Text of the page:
System of tenant farming and landholding changed after the Famine. Until then land had been subdivided between adult sons - hence the dependence on potatoes. Post-Famine, one son took over the land from his father. Other sons had to look elsewhere to make a living. Some managed by working in Britain, in either seasonal or permanent jobs. Those in seasonal or short-term jobs might return to Ireland when they had no work in Britain. Some chose emigration.

This is another mystery.  My g-grandfather was born circa 1816 according to his death certificate, although I know these dates sometimes have only a tenuous relation to the truth.  Anyway if true, he would have been in his late 40s when he emigrated.

I've looked at Griffith's and revision books for the townlands surrounding Cooneen (in Dolla civil parish) up until the late 1800s looking for my g-grandfather and possible siblings.  I really can't find a Ryan family listed with him as the tenant during the period after he married (1859) until they emigrated.  Now it could be that he and his wife were living with one of his or her relatives, but AFAIK that's not possible to tell from extant documentation.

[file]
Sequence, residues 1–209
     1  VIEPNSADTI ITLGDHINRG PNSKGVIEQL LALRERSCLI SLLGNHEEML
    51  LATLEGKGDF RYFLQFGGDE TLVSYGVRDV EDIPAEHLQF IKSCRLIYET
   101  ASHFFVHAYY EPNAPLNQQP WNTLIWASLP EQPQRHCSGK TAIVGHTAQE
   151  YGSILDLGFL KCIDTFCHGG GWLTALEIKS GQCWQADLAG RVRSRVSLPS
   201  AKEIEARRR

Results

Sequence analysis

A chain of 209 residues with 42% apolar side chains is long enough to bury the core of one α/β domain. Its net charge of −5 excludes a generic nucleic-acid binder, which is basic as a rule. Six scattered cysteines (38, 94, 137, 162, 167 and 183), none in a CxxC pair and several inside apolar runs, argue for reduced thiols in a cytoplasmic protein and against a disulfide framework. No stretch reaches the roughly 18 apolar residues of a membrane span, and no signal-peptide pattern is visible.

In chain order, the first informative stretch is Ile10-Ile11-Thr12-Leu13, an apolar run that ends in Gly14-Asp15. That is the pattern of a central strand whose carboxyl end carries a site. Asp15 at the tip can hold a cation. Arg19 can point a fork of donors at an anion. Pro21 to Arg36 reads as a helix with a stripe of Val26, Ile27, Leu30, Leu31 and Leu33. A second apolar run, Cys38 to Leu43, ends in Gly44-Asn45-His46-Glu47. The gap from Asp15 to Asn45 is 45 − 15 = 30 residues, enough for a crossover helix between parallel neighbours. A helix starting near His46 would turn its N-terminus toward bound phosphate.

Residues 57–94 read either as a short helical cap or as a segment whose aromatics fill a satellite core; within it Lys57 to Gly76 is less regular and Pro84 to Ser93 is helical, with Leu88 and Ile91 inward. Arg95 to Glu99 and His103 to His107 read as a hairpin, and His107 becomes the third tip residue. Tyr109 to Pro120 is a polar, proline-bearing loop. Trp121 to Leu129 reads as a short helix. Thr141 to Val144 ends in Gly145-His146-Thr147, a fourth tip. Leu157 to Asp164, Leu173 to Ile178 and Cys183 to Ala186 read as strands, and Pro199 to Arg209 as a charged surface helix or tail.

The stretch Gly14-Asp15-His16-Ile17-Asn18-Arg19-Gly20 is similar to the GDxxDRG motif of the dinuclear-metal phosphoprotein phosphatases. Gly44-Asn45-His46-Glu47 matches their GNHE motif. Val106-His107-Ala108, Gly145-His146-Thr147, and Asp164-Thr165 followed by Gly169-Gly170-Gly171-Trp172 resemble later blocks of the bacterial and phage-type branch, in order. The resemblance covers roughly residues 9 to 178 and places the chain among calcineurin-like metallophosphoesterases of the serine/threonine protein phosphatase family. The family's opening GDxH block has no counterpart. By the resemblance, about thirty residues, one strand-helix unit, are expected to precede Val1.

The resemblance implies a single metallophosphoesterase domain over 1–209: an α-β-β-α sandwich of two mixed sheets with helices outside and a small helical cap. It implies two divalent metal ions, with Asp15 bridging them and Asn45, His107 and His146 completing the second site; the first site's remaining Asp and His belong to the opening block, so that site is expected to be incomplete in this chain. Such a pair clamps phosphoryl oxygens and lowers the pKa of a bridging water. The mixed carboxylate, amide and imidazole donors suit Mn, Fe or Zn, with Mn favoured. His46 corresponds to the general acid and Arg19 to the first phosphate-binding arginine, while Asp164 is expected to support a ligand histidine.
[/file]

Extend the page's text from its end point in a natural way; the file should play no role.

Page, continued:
I also cannot find Bridget Lynch's father Michael, who emigrated with them in 1865, anywhere nearby in Griffith's from the 1840s through 1865.
They would only have been included in Griffiths' Valuation if they were property holders.
Have you looked for them on U.K. 1851 & 1861 census? You said in your opening post that Thomas Lynch was a miner in Lancashire before he emigrated in 1859. Were the others miners? Plenty of coal mines in Lancashire, Yorkshire, Durham, English Midlands, Scotland, Wales; iron-ore, copper and slate in Cumberland; slate in Wales; &c. There was work in Lancashire and Cumberland for wives, daughters and young sons in cotton and linen mills and in woollen mills in Yorkshire. An Irish miner with my surname moved from Scotland to County Durham at this time. Labouring jobs building railways, roads, houses &c. were easy to get too. Irish people were mobile. Travel across the Irish Sea and on railways was cheap.
 

Yes, I've looked at the 1851 and 1861 UK censuses.  I did find Thomas Lynch and his family living in the town of Wigan, County Lancashire.  I know that those mines began to decline in the latter part of the 19th century which might explain why the family relocated to Pennsylvania, where the coal fields were being discovered.

One of the Lynch descendants became relatively wealthy after emigration and the family is described in one of those "Who's who" books that were popular in the US at least in the late 1800s.  In that description, Michael Lynch's daughter briefly mentions Michael Ryan as an "miner, deceased", and hardly mentions her father at all.